(warning: too few iterations for a reliable count)
     xpath: 137 wallclock secs (136.17 usr +  0.04 sys = 136.21 CPU) @ 73.42/s (n=10000) 
... the regexp parse was three orders of magnitude faster than the XPath parse. I'm curious now what the comparison would be for Java's regexp support versus, say, Jaxen and JDOM (which is how I usually do XPath in Java). In my dabblings with timings, Java regexp's are very fast. Apparently, Tim Bray found this as well.

Here's the Perl code:


use XML::XPath;
use XML::XPath::XMLParser;
use XML::Parser;
use Benchmark qw(:all) ; 

my $X = new XML::Parser(ParseParamEnt => 0); # non-validating parsing, please

timethese(10000, {
    'xpath' => \&xpath,
    'regexp' => \&regexp

sub xpath {
    my $b = getBlog();
    my $parser = XML::XPath::XMLParser->new(parser => $X);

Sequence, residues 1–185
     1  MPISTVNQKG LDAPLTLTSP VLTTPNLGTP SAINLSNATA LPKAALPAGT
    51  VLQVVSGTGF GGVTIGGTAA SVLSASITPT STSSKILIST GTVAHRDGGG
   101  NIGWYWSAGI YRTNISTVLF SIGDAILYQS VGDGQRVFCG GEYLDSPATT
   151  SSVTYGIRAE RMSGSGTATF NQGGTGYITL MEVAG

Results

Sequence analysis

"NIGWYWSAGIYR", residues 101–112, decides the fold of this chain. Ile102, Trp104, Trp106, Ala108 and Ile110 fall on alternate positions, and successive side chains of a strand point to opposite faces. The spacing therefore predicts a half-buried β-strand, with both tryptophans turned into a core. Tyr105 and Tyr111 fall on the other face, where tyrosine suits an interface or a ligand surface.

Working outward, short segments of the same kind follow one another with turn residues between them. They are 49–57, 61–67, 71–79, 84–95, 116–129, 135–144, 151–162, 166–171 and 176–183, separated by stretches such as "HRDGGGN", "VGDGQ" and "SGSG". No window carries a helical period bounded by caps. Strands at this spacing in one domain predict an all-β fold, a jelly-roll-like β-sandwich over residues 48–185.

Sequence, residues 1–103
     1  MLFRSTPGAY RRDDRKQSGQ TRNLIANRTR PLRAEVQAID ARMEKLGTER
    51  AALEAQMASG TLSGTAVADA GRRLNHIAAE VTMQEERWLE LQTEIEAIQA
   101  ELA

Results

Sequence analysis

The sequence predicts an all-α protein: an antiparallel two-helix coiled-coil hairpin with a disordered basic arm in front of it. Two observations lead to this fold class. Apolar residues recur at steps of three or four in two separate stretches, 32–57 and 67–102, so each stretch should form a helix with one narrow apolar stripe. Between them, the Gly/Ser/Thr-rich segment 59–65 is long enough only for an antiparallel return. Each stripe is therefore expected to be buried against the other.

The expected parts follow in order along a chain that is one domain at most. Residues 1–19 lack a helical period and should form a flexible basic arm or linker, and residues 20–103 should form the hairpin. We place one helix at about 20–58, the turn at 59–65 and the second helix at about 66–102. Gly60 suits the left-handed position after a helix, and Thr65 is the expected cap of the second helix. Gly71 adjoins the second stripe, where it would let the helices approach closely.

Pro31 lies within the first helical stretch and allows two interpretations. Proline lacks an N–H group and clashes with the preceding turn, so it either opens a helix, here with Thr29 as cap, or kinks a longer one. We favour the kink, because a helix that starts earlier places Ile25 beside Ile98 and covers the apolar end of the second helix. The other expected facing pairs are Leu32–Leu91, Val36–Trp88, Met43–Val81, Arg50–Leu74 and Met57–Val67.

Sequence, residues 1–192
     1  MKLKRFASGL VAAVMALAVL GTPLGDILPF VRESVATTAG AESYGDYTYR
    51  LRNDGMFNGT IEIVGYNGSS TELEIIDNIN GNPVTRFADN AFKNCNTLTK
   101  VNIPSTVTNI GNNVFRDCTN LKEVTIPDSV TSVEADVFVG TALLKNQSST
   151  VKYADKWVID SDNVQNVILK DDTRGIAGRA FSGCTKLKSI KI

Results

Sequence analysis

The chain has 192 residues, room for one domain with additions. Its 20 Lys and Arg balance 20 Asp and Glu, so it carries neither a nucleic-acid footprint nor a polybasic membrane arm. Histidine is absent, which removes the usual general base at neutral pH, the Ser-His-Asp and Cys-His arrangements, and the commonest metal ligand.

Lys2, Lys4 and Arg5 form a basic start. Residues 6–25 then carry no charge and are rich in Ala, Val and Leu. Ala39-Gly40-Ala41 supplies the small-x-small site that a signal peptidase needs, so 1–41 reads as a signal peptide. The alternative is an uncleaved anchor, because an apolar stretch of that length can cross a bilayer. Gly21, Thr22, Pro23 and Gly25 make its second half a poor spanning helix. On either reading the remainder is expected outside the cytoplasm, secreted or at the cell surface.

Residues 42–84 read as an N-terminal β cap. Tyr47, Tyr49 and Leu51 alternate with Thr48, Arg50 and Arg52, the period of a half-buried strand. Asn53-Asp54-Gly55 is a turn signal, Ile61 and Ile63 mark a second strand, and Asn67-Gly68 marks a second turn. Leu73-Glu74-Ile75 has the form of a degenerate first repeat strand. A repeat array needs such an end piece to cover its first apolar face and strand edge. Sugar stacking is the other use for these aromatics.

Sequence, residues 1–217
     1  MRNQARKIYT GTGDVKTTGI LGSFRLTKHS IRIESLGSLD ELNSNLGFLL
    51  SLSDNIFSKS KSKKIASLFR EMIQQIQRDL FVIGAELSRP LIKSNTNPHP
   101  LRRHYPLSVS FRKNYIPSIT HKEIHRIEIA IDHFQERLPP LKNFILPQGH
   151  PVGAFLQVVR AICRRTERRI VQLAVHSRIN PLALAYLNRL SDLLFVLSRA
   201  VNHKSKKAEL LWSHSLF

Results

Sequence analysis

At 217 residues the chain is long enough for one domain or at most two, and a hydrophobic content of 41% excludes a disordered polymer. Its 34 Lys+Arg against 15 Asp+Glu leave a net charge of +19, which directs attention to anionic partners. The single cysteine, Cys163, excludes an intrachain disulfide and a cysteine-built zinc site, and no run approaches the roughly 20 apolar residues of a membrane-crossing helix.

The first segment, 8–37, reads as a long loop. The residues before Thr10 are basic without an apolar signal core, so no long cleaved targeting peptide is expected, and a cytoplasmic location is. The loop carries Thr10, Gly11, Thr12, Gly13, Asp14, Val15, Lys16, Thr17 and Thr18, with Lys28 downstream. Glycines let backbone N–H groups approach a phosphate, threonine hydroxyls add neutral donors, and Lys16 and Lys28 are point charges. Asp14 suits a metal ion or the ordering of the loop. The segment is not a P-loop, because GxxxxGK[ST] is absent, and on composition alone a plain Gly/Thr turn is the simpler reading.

my $root_node = $parser->parse($b);
    my $xp = XML::XPath->new(context => $root_node);
    my $nodeset = $xp->find('/tapi/document/result/weblog/author'); 
    die if ! defined($nodeset);

sub regexp {
    my $b = getBlog();
    my ($author) = $b =~ m{<author>(.*)</author>}sm; 
    die if ! defined($author);

sub getBlog {
    return q{<?xml version="1.0" encoding="utf-8"?>
<!-- generator="Technorati API version 1.0 /bloginfo" -->
<!DOCTYPE tapi PUBLIC "-//Technorati, Inc.//DTD TAPI 0.02//EN" "http://api.technorati.com/dtd/tapi-002.xml">
<tapi version="1.0">
    <name>What's That Noise?! [Ian Kallen's Weblog]</name>
    <lastupdate>2006-01-02 18:38:03</lastupdate>
    <created>2004-02-23 12:04:51</created>

For some of the messaging infrastructure at Technorati where the messages are real simple name/value constructs, we've been passing on using XML at all. Using a designated-character-delimited format string (say, tabs) that can be rapidly transformed into a java.util.Map (or a Perl hash, a Python dictionary, yadda yadda yea) and passing messages that way buys a lot of cheap milage. We like cheap milage.